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Help us always to conduct ourselves so as to bring credit to Cranston High School West. Amen.”

Pretty shocking stuff. No wonder it had to go. It’s not the admonition toward good behavior that offends, of course, but the divine references. Can’t have that in the new normal, even though “In God We Trust” is on the coins we use every day.

Following its victories, the ACLU loves to remind us of our ever narrowing freedoms, tossing us a bone, as it were. Listen to the condescending tone of the ACLU’s triumphal statement following the district’s cave-in on the father-daughter dance:

“[Parent-teacher organizations] remain free to hold family dances and other events, but the time has long since passed for public school resources to encourage stereotyping from the days of Ozzie and Harriet. Not every girl today is interested in growing up to be Cinderella — not even in Cranston. In fact, one of them might make a great major league baseball player someday.”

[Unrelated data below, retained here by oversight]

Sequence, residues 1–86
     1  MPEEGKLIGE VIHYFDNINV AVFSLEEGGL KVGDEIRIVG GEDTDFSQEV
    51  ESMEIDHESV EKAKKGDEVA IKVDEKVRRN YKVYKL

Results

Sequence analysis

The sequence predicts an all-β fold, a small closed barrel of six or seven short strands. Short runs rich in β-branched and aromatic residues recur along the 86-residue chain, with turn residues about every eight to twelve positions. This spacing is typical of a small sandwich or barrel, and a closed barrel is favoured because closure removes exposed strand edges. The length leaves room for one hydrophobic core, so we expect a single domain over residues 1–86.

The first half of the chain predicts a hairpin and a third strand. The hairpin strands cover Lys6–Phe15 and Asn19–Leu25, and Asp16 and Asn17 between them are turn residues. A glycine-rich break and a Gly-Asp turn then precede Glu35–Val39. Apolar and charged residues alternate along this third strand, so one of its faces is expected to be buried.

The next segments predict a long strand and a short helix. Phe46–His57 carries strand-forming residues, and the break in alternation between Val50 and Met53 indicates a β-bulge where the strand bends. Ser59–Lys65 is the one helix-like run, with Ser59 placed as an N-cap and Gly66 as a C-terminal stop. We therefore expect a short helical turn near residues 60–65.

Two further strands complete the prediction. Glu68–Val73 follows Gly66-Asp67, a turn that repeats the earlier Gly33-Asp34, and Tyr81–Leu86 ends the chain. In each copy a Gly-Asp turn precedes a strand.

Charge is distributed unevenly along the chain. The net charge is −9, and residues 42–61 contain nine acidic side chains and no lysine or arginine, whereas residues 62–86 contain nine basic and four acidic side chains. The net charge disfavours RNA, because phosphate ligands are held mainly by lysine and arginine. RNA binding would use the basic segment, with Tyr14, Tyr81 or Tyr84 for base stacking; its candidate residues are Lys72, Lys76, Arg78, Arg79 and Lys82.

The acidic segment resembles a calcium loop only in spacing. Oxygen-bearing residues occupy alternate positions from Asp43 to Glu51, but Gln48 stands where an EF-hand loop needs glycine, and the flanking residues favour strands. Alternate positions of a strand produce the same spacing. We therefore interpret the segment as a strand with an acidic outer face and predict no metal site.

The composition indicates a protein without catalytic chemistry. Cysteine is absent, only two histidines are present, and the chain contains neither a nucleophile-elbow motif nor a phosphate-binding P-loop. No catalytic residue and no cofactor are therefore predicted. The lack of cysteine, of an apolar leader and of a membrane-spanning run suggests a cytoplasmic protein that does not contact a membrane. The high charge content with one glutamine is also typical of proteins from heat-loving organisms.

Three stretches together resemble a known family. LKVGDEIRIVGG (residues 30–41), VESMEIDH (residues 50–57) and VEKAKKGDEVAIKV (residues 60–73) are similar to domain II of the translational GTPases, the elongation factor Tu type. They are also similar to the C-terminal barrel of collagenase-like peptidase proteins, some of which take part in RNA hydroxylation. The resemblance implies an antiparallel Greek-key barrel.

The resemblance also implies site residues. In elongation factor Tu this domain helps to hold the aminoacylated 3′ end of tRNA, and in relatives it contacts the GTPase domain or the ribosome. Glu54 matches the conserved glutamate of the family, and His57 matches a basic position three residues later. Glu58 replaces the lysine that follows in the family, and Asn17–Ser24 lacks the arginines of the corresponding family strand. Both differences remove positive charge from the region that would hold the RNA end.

Sure. Albert Pujols and Miguel Cabrera are shaking in their shoes at that prospect. Note the snarky comment, “not even in Cranston.” Oh, that backward Cranston, with a large Italian-American population that celebrates God, family and America.

Not every girl wants to be a princess. Some of them would rather be biker chicks. Some of them go completely off the rails and become ACLU plaintiffs. But this is not a rational reason to cancel a father-daughter dance. The detachment of fathers from their children is at the heart of virtually every social problem. Anything that encourages paternal commitment should be welcomed, not prohibited.

Apparently, that’s only if you have the best interests of the community at heart and are not trying to turn it into a place that only the ACLU could love.

Robert Knight is a senior fellow for the American Civil Rights Union and a columnist for The Washington Times.